Recipe | Mexican Machaca

6:58 AM

This recipe was an accident. I filled a bag with those Hatch chiles you're seeing in all the grocery stores right now, absolutely clueless as to how I was going to use them.. but I was going to figure it out. I had thawed a couple pounds of pork at home, figuring I could make a rendition of Chile Verde with it.

Once home with my prize of chiles, I asked google about all the possible recipes that included Hatch chiles & pork shoulder. Right as I found something to try, Seth goes into the kitchen and informs me "..this is beef." Shit. I must have not had enough coffee on board when I pulled it out of the freezer.

I could have still tried the same recipe.. but we've made chile verde-style dishes with beef and it's just not as good. So I asked google about Hatch chiles + beef. Not alot came up, nothing with many reviews, and no good pictures. I judge recipe pictures hard - I will rarely click on a recipe if the pictures are awful - if it doesn't look good, it may not be good, or at least worth taking a decent pictures. #sorrynotsorry

But as I scrounged around the web looking for ideas, I came across a recipe using dried beef (basically jerky), and re-hydrating it and shredding it.. it was called Machaca (which means shredded beef). Similar dishes had a Venezuelan take with various ingredients I haven't heard of and called it Pabellon Criollo or Carne Mechada.

I had no idea what I was going to do, but it was a good day to experiment.

I stuck with the initial method I had used to prepare Chile Verde & Chile Colorado. Searing the meat, adding in onion, garlic, peppers & broth and letting it simmer for awhile. From there I took a cue from a traditional Machaca recipe and strained the meat from the cooking liquid and finished it in a frying pan with more garlic, onions & peppers until it was almost burnt, letting various pieces become crispy.

Our house smelled amazing, the robust, earthy & smoky aromas & flavor profile of the Hatch chiles are incredible. I was thrilled with how this turned out, Seth was super impressed and couldn't stop eating it. It does make for a great taco or enchilada filling, but I also served it Venezuelan-style with fried plantains and it was perfect  (sorry, I ate it all before realizing I didn't get a picture). Black beans, cilantro and a little avocado also make for great additions to round out the dish. I decided to call this Mexican Machaca, even though I did not shred the meat. It's fun to say ;) and the finishing method most resembled how this traditional recipe had always been prepared.

Mexican Machaca

serves 8-10

  • 4lbs bottom round beef or chuck roast
  • 6 tbsp olive oil, divided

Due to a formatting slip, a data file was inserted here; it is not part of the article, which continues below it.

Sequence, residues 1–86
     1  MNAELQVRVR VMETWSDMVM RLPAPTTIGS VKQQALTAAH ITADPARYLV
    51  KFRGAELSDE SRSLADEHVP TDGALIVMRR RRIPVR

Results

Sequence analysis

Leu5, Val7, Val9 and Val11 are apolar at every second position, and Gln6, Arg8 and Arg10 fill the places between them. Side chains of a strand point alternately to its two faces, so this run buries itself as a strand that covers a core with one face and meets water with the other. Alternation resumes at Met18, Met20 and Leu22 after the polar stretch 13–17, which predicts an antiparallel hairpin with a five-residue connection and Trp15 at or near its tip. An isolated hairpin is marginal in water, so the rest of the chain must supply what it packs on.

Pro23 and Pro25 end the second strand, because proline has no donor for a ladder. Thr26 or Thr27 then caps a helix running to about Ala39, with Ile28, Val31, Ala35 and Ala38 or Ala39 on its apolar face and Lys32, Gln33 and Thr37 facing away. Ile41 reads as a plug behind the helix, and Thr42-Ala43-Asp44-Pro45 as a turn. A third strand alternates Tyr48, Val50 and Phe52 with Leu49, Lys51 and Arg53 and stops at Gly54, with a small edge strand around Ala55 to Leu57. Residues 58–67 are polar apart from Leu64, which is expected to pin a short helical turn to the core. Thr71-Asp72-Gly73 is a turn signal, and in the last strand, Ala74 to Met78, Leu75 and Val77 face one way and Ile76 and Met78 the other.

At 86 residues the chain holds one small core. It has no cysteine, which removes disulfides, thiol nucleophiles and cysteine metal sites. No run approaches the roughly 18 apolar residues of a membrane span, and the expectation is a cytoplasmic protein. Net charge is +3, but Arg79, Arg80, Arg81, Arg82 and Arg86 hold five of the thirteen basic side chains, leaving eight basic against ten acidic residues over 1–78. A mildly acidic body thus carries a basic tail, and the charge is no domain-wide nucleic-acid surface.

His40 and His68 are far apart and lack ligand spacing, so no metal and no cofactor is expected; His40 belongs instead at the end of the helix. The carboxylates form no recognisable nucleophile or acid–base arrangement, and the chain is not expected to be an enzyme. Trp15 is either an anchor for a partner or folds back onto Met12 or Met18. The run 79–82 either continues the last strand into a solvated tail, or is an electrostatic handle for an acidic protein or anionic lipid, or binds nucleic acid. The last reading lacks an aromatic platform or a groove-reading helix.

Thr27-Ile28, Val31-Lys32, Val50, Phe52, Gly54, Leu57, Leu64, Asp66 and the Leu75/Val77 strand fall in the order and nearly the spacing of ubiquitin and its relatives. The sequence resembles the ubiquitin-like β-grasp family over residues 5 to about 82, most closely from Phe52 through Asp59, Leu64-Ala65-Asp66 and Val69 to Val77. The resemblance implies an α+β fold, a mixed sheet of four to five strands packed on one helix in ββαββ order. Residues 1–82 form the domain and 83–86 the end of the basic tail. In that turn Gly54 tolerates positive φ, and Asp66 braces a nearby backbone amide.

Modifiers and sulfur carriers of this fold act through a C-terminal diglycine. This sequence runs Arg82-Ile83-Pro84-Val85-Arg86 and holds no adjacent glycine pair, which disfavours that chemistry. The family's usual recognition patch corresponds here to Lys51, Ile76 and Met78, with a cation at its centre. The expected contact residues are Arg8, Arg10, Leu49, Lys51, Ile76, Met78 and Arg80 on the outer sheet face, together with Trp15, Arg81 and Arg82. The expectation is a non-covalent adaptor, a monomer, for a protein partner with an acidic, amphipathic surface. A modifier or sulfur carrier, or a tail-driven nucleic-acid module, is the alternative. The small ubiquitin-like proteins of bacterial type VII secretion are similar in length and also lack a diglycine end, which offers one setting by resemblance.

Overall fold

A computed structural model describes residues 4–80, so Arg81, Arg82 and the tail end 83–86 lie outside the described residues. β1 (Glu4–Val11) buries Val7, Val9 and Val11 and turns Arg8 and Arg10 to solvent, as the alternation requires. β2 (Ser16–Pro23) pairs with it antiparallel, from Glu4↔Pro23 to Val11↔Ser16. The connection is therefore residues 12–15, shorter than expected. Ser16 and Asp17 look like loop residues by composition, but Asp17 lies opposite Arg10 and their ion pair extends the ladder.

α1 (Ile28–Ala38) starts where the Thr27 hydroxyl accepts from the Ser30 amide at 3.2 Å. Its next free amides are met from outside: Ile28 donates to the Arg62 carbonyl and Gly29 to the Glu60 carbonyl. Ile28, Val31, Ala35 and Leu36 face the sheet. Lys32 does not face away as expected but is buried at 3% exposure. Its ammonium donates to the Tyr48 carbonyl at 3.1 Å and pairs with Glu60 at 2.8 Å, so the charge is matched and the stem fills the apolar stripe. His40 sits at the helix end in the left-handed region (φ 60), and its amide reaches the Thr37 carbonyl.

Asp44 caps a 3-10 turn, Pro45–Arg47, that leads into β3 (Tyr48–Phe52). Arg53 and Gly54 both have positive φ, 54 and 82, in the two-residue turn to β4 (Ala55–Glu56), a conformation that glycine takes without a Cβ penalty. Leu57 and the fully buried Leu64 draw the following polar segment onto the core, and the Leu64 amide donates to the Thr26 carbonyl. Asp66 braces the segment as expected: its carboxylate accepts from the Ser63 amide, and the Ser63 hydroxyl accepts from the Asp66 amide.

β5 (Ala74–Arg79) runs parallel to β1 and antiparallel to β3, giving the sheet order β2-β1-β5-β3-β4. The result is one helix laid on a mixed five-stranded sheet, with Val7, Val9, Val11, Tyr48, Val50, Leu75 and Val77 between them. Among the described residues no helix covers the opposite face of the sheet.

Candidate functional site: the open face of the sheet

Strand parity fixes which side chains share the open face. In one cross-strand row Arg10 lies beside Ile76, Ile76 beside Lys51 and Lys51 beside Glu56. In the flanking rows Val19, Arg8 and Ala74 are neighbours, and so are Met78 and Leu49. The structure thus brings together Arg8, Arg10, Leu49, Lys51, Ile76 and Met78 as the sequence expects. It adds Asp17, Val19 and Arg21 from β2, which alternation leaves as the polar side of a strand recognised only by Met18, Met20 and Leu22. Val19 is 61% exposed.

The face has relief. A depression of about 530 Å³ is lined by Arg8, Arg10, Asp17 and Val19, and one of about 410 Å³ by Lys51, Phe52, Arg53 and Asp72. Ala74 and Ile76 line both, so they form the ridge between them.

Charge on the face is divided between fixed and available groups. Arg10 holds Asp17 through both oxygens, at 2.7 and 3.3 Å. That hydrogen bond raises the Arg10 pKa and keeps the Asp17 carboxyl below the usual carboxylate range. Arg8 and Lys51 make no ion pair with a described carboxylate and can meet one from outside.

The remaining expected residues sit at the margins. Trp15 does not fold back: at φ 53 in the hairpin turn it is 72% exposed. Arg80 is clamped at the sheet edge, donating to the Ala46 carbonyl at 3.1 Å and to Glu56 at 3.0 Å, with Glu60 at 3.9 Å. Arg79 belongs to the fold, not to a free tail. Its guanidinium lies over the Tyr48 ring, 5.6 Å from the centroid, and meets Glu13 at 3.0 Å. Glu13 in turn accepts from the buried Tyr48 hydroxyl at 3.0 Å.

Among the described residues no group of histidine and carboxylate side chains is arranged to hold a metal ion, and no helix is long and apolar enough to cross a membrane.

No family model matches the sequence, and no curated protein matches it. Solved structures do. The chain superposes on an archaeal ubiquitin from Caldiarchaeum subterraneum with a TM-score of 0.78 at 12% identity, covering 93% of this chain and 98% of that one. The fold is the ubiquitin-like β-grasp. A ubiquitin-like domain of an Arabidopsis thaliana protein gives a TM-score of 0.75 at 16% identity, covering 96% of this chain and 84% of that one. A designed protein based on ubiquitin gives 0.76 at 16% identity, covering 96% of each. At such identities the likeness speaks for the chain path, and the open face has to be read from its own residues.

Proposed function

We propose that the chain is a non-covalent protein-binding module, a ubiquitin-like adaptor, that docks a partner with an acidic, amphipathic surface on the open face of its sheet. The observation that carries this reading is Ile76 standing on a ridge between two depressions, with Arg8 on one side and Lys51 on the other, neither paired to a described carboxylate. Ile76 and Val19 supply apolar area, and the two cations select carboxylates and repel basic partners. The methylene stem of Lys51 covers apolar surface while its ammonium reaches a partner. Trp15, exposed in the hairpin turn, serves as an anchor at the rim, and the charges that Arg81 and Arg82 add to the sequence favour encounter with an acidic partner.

• salt & pepper to taste
  • 8 Hatch Chiles, diced, (seeds removed from half of them**
  • 6 cloves garlic, minced
  • 1 yellow onion, diced
  • 4 cups beef or bison broth
  • 1 tbsp lime juice
  • 1 -14oz can fire-roasted diced tomatoes

1. Trim off excess fat and cube the beef into 1 to 1 1/2 inch cubes.

2. Preheat a large stock pot to high heat. Heat 2 tsp of olive oil, then add 1/2 of the meat, season with salt & pepper and sear on all sides. Transfer the seared beef to a large bowl and set aside.

Repeat with the rest of the meat.

*Note: Searing the beef in two batches allows for a good sear. Adding all of the meat at once will “steam” it.

When the second batch has seared, pour the first batch back into the pot, add half of the onion, 3 tbsp of the garlic, and half of the Hatch chiles. Add 2-3 cups of broth, enough to cover the meat. Stir to combine.

3.  Bring mixture to a boil and then reduce the heat to low.  Keep it covered and simmer for about 75-90 minutes, stirring occasionally. The beef should become so tender it will fall-apart when poked with a fork.

4.  When the beef is done cooking, strain in a colander. You can choose to reserve the cooking liquid for continued use, (or use more broth instead). Place the beef in bowl and set aside.

5.  Heat the remaining 2 tbsp of oil in frying pan, add the rest of the garlic, onion & Hatch chiles, saute until soft and starting to brown. Add the beef to the onion mixture. Let the beef brown, but not burn, periodically scrape the meat from the bottom of the pan. Stir in the tomatoes, lime juice & 3/4 cup broth or cooking liquid. Let simmer 10 minutes, or until the liquid is mostly absorbed.

Serve with your favorite fresh sides & toppings are you're all set! I'd love to hear your feedback on this, just scroll to the bottom. Any variations, suggestions and reviews are super helpful and fun.

Just a note on peppers: Hatch chiles are only available in August every year, and are exclusively grown in the tiny town of Hatch, New Mexico. They are similar in appearance to their milder cousin, the Anaheim Chile, but offer a bolder, smoky, robust flavor.  You can use pre-roasted chiles, but the longer cooking method of this recipe takes care of the tough skins, and frying at the end roasts the remainder of the chiles. If you use this in the off-Hatch-chile-season (that's a thing right?), you could use Anaheim, Poblanos or even canned green chiles... although, canned green chiles are like adding nothing but color, you would be best served to use fresh chiles. :)

**If you don't have gloves on hand when chopping your chiles, when you're done, cover your hands in olive oil - rub it into the tips of your fingers well, then wash with dish soap to remove the chile oil. Seth cut the chiles and even though these are pretty mild, his fingers soaked up enough of the oil that they were burning for a couple hours until we googled some remedies. #thankyougoogle

Comment down below, I'd love to hear from you!

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